How India kept its Deep Penetration Strike Jaguars up-dated
The SEPECAT Jaguar is an Anglo-French jet attack aircraft designed and developed by a joint venture between Breguet of France(Now part of Dassault) and UK based British Aircraft Corporation (BAC).It was built by HAL under licence.It was retired from British Royal Air Force in 2007and from French Armee de I’Air in 2005,But it served its service to INDIAN AIR FORCE till Now.
There are 4 forces that uses SEPECAT Jaguar in their airforce:Royal Air Force(UK),French Air Force(France),Royal Air Force (Oman) and Indian Air Force.From first forces it is retired but it is still in service with the IAF.A total of 543 Jaguars were built as of 2015.RAF replaced the SEPECAT Jaguar with Panavia Tornado and Eurofighter Typhoon and French Air force replaced it with Dassault Rafale.Indian plans to replace the Jaguar in future with its upcoming Advanced Medium Combat Aircraft (AMCA) which is under development by HAL.
The Jaguar remains an important element of the Indian military as, along with the Mirage 2000, the Jaguar has been described as one of the few aircraft capable of performing the nuclear strike role with reasonable chances of success.
Jaguars were chosen in October 1978 as a part of Deep Penetration Strike Aircraft (DPSA) program to replace its aging fleet of Hawker Hunter and Canberra. Initially an interim batch of ex-RAF jaguars was delivered to IAF in 1979. These aircrafts were fitted with NAVWASS (NAVigation Attack Weapon Aiming Sub-System) from Marconi-Elliot and a Head-Up display (HUD) from Smiths. Aircraft & Systems Testing Establishment (ASTE) Bangalore tested NAVWASS on HF-24 Marut and rejected it.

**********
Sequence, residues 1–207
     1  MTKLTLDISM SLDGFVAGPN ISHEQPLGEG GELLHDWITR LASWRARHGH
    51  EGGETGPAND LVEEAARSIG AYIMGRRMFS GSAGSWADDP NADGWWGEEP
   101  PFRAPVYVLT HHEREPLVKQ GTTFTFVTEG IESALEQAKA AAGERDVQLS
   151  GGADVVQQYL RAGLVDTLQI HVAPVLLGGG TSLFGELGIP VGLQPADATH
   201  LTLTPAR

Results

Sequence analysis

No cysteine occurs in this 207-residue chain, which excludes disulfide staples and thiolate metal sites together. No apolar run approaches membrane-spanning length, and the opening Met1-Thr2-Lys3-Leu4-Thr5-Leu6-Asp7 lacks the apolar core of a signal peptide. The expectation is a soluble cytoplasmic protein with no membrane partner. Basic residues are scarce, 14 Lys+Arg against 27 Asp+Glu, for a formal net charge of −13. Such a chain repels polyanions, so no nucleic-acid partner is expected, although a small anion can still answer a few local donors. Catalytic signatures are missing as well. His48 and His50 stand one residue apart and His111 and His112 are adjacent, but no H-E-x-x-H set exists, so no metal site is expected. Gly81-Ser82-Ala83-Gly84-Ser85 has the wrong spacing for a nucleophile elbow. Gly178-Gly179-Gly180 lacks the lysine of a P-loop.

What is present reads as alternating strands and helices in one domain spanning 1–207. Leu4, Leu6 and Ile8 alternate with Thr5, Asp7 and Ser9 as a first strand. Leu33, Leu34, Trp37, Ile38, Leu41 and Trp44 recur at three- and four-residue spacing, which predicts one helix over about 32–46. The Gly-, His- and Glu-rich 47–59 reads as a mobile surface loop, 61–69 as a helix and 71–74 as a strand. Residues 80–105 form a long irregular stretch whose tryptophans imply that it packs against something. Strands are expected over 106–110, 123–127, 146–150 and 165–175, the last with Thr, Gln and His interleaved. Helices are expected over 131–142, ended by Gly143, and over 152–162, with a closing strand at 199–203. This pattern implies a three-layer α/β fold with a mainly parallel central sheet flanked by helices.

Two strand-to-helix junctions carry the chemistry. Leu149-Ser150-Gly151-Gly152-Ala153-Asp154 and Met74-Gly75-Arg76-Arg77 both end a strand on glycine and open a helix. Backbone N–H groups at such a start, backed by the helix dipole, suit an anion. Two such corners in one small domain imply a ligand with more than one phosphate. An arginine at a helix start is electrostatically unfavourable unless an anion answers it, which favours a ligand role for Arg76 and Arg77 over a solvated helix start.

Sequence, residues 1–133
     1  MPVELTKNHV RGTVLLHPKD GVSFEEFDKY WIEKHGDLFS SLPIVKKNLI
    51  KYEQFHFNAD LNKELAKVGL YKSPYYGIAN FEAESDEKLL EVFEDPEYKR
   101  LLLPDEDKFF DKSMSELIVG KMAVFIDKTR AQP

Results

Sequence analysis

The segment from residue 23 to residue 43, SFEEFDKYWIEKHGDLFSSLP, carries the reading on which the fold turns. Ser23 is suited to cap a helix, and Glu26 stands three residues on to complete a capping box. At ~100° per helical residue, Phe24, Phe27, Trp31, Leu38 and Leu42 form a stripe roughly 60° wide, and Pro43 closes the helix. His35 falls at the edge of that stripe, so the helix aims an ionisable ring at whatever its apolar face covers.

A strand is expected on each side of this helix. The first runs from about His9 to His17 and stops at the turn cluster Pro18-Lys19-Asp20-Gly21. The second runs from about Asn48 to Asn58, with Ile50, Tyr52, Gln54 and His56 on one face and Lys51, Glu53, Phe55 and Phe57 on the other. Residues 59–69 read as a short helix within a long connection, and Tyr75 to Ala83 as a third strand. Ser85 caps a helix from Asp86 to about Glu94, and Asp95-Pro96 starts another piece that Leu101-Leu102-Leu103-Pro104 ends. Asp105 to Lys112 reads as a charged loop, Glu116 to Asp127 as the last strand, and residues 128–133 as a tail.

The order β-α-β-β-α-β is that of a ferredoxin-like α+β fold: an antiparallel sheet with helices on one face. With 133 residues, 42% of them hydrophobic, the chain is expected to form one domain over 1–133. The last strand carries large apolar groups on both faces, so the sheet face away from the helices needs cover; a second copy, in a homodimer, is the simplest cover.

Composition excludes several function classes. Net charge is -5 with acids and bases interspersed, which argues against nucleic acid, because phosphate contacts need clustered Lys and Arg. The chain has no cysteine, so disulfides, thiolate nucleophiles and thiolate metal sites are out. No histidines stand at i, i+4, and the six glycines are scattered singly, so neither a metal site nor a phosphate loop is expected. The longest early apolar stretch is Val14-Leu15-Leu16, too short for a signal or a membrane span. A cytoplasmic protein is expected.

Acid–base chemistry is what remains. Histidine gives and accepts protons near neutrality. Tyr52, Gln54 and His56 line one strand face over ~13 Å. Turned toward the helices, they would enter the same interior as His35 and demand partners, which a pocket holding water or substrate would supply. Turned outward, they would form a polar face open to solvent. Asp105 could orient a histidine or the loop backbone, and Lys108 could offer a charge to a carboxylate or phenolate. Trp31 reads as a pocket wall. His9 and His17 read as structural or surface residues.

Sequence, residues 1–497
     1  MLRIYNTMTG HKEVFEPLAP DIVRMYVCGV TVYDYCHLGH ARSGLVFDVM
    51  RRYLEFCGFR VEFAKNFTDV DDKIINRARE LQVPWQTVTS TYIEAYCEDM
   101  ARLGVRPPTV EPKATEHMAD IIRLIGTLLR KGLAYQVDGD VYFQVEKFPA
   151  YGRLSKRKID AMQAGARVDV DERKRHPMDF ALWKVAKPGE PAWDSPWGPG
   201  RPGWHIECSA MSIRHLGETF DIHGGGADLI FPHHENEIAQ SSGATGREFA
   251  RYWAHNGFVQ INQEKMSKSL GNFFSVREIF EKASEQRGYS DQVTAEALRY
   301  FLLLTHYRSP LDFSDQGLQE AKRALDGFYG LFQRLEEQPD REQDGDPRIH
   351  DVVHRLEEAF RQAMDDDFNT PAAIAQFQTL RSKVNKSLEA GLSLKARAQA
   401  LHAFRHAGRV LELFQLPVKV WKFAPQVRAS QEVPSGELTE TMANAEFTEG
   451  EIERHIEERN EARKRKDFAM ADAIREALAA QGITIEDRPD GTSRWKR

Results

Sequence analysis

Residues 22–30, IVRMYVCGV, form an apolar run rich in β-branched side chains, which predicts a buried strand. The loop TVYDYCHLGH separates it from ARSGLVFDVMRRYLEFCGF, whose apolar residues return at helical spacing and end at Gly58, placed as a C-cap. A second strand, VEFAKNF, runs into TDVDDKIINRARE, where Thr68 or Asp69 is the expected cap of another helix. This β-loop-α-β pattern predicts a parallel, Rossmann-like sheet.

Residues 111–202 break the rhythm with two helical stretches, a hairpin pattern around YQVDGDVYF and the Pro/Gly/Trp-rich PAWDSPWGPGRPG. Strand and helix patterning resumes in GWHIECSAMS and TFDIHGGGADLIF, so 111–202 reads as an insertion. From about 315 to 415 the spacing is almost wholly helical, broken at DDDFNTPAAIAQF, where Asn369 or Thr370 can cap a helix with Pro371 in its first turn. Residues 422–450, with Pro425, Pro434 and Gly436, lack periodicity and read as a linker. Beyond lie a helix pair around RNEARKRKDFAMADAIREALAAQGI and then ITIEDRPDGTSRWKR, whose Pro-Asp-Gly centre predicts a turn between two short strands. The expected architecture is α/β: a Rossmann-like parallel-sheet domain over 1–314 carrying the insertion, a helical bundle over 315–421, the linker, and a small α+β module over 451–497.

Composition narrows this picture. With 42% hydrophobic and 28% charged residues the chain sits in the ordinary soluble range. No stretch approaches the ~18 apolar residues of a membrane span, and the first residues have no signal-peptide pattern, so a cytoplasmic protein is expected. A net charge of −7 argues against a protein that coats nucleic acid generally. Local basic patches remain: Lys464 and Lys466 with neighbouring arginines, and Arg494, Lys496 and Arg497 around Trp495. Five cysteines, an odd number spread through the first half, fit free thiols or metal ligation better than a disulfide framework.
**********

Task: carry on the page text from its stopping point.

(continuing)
However NAWVASS was the standard equipment on the loaned aircrafts. RAF wanted to upgrade these aircrafts with a new inertial navigation system Ferranti FIN 1024. Indian air force was invited to join the upgrade program and share the development costs. But the Indian air force was offered its export variant FIN 1024E which was inferior to those installed on RAF’s jaguar.
This forced India to consider an indigenous upgrade program.
The upgrade program was named INDRA but was later changed to DARIN which stands for Display Attack Ranging Inertial Navigation. To manage this project, Inertial nav-attack system Integration Organization (IIO) was set up in Bangalore. The major sub system for DARIN were Sagem Inertial Platform, Smiths Industries HUD/WAC, Ferranti Combined Map & Electronics Display (COMED), Crouzet Air Data Package and SFIM Flight Test Instrumentation Package – all to be integrated using dual Mil 1553B standard Digital Data bus. The retrofitted Jaguars received IOC in 1984 and FOC a year later in 1985. Reliability of DARIN was far better than the old one. IIO also retrofitted six Jaguars with DARIN and Thomson CSF Agave radar for maritime attack, this variant was named as Jaguar IM.
A upgrade program called DARIN II was carried out to extend the operational life of Jaguars by another two decades. Improvements on avionic suit were carried out under this project. This upgrade included Sagem’s Ring-Laser gyro integrated with global positioning system (GPS), it provides position accuracy within 100 meters. Twin mission computers installed on DARIN II jaguars were developed by DRDO’s DARE (Defence Avionics Research Establishment). Smith’s HUD found on DARIN was replaced by Israeli Elbit HUD. A single liquid crystal multifunction display (MFD) and a new chaff dispenser were also added.